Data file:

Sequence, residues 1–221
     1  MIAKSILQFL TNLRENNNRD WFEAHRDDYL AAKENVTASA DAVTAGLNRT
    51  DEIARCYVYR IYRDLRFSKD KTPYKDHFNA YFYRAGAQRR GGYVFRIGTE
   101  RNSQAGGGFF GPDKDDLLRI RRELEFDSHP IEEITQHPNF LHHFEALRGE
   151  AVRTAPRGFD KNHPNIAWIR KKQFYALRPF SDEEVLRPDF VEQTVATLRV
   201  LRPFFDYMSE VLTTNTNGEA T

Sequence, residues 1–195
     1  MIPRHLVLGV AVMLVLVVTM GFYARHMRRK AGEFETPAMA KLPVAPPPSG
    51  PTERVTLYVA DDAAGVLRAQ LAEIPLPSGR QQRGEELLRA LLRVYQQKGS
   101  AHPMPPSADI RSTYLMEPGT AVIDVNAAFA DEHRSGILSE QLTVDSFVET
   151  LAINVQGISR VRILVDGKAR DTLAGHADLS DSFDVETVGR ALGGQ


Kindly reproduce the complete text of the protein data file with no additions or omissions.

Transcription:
Sequence, residues 1–221
     1  MIAKSILQFL TNLRENNNRD WFEAHRDDYL AAKENVTASA DAVTAGLNRT
    51  DEIARCYVYR IYRDLRFSKD KTPYKDHFNA YFYRAGAQRR GGYVFRIGTE
   101  RNSQAGGGFF GPDKDDLLRI RRELEFDSHP IEEITQHPNF LHHFEALRGE
   151  AVRTAPRGFD KNHPNIAWIR KKQFYALRPF SDEEVLRPDF VEQTVATLRV
   201  LRPFFDYMSE VLTTNTNGEA T

Sequence, residues 1–195
     1  MIPRHLVLGV AVMLVLVVTM GFYARHMRRK AGEFETPAMA KLPVAPPPSG
    51  PTERVTLYVA DDAAGVLRAQ LAEIPLPSGR QQRGEELLRA LLRVYQQKGS
   101  AHPMPPSADI RSTYLMEPGT AVIDVNAAFA DEHRSGILSE QLTVDSFVET
   151  LAINVQGISR VRILVDGKAR DTLAGHADLS DSFDVETVGR ALGGQ